Tag Archives: driving at night

For The Nights Spent Singing In Your Closet

Some nights, I zip up my knee-high riding books or slip on my Target moccasins and lock my front door. I tumble, yes tumble, there is an awkward falling quality to it, down the flight of stairs and press the key fob to unlock my car door.

I turn the ignition and wait for music, wait for something that might keep me from feeling alone. I wait for another voice to fill the hollow space inside this car that’s mine but not yet mine. This car that doesn’t yet smell like me.

Sometimes, just stuffing my feet into those shoes and closing that door and smelling that leather and hearing those first few notes are enough to calm me from whatever I’m inevitably trying to avoid.

In another life, I’d be a singer.

I’m not terrible, can pick up a melody and learn it, but I have no illusions about someday earning myself a record deal. Nashville will never hold my heart.

Maybe, in the far-off-don’t-think-about-it-or-you’ll-only-be-sorry future, I’ll feel comfortable enough to sing for some boy (man?) who doesn’t make me feel like I’m in a room full of strangers who would rather a juke box accompany their next round of beers.

It’s not something I think about.

Kind of like the reason I’m sitting in the car, putting it in reverse, shifting to first and cutting the wheel hard, squeezing it till my fingertips are white because I’m sure that will stop me from scraping the back of the Kia Soul that yes, does have a stuffed hamster on the dashboard to match the dancing ones on the commercials.

John Green - The Fault In Our Stars - "I was thinking about the word 'handle,' and all the unholdable things that get handled."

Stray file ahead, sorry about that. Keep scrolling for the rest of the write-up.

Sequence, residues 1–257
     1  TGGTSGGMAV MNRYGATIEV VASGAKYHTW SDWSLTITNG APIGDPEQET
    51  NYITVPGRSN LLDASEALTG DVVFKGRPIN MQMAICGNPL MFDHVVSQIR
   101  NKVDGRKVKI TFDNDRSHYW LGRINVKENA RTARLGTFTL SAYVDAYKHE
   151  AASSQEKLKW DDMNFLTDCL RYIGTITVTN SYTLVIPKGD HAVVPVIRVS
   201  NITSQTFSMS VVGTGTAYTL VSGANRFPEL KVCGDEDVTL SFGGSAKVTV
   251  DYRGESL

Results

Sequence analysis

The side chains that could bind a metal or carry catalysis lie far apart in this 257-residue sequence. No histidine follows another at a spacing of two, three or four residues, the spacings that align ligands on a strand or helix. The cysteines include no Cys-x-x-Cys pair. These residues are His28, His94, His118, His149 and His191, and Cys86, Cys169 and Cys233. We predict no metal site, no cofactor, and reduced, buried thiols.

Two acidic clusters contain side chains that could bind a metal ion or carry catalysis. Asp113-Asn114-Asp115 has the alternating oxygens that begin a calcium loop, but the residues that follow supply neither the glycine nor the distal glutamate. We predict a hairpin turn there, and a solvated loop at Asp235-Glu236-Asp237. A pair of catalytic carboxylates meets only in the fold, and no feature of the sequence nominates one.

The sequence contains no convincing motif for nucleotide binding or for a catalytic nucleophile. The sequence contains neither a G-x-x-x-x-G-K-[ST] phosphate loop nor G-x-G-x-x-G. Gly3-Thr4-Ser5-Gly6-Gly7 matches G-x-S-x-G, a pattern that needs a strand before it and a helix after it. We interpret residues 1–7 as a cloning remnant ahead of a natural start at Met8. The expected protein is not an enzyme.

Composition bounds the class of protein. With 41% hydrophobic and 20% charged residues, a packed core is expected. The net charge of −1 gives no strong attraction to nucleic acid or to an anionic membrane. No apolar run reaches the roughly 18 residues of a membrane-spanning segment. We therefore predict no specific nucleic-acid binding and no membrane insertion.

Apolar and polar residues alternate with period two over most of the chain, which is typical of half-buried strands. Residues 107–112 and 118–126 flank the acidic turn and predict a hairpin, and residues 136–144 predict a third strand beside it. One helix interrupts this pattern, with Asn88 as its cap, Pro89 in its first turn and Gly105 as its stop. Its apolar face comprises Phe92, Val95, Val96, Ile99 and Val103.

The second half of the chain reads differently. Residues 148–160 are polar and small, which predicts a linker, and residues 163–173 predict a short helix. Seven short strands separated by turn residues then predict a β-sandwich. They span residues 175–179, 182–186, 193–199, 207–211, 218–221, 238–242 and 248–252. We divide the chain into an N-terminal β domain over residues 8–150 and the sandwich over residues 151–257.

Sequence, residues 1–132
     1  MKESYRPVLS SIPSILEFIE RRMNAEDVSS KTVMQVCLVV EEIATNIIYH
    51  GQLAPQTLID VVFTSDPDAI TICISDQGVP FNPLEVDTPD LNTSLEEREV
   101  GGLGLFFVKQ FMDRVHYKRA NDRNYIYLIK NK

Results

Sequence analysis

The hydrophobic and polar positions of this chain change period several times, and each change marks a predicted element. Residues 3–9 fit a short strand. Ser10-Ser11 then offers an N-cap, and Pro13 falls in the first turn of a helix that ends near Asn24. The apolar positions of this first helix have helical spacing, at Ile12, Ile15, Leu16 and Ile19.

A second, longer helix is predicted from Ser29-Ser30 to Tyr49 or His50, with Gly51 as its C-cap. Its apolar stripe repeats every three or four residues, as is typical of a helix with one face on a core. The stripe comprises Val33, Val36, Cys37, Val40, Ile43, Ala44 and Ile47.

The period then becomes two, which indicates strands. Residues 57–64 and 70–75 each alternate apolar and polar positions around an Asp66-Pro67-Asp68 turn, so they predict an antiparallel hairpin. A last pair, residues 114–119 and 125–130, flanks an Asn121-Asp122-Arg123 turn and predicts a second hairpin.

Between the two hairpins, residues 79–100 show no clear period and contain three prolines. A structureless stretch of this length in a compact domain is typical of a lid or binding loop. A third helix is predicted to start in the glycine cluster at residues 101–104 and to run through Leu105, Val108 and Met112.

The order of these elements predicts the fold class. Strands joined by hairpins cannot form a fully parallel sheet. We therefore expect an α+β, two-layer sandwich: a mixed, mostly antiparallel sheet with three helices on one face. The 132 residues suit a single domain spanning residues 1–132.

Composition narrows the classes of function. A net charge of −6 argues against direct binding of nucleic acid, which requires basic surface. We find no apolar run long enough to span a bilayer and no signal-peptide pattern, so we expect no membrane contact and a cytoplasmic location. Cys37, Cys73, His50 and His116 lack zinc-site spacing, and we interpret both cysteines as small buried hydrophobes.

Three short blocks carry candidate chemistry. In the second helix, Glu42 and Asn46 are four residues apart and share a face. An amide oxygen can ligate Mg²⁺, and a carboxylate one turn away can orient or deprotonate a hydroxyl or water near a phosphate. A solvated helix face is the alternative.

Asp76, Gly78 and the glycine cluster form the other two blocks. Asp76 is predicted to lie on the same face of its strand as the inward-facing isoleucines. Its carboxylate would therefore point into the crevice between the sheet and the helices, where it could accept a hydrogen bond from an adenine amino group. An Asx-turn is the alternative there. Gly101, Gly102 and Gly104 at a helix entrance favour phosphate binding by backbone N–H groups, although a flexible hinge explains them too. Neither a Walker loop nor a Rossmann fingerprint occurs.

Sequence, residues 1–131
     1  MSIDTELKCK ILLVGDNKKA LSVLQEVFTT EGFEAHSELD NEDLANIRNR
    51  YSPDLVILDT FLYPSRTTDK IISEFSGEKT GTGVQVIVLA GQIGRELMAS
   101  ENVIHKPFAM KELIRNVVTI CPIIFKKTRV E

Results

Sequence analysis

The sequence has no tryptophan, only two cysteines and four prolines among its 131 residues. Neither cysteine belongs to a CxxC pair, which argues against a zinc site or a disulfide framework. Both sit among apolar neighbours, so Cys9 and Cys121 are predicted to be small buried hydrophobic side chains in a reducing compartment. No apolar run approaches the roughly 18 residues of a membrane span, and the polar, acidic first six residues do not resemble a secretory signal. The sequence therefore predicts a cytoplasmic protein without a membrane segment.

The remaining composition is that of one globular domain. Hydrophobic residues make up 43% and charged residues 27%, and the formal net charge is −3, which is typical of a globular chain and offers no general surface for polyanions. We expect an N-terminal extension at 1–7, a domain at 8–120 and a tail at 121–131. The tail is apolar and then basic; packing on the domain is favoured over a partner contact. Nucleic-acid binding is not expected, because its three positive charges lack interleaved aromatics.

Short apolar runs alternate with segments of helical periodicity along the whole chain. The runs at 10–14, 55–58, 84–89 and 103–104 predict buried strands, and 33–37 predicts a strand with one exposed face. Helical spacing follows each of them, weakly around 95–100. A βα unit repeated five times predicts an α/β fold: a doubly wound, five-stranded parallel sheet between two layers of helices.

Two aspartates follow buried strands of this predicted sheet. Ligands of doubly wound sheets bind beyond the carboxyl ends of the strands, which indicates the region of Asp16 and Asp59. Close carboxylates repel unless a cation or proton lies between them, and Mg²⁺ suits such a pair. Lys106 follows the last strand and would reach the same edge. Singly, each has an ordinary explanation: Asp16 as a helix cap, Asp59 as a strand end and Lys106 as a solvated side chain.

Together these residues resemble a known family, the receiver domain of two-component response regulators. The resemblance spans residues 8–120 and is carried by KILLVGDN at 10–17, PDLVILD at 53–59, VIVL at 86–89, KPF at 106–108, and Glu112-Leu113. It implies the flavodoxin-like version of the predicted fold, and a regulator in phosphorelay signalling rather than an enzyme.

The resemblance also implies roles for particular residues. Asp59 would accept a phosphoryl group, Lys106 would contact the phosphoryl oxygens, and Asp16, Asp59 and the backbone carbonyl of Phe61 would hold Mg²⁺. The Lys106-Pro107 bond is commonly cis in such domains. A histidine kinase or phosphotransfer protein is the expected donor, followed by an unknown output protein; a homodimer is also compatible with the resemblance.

Loneliness. That’s what lingers in those lyrics that the other tenets are bound to know over tooth brushing and flossing, shower shaving and tea brewing.

They are bound to hear my good days, my bad ones, as I sit in front of the computer and try to pretend I am alone, on an island, with soundproof walls and no one around for miles.

That doesn’t help the loneliness.

And probably the only thing that does is knowing that someday my once-broken, twice-broken, gosh-how-many-times-can-you-break-a-heart-before-you’re-twenty-three heart will come in handy when I want to master a melody about the things that chisel away at us.


And dying without goodbyes.


For boys who never became men.


For girls who always break first, before he has the chance.

Getting stood up.

For divorce and disease and forgetting the name of your own family. Forgetting where you live. For growing old and wishing you didn’t have to wake up anymore. For goodbyes that take too long and aren’t long enough.

Maybe that’s why I’m sitting in my closet on the floor, trying to find lyrics and notes to hold all those things we, as humans, are inevitably going to have to handle.

Maybe that’s why we have driver’s licenses at sixteen—there are nights when the car will always need to hold melodies for us, when we will need to remember that sometimes, all we know how to do is stop at the red light and use our turn signals and wipe the rain away when it comes.